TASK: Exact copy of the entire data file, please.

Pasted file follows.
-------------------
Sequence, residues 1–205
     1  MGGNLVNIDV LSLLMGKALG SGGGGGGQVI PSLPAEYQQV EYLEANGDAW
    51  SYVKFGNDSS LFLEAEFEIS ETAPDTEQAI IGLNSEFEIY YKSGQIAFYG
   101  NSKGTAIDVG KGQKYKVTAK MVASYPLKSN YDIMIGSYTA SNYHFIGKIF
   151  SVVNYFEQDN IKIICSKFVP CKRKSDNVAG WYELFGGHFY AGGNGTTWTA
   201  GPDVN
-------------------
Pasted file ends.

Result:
Sequence, residues 1–205
     1  MGGNLVNIDV LSLLMGKALG SGGGGGGQVI PSLPAEYQQV EYLEANGDAW
    51  SYVKFGNDSS LFLEAEFEIS ETAPDTEQAI IGLNSEFEIY YKSGQIAFYG
   101  NSKGTAIDVG KGQKYKVTAK MVASYPLKSN YDIMIGSYTA SNYHFIGKIF
   151  SVVNYFEQDN IKIICSKFVP CKRKSDNVAG WYELFGGHFY AGGNGTTWTA
   201  GPDVN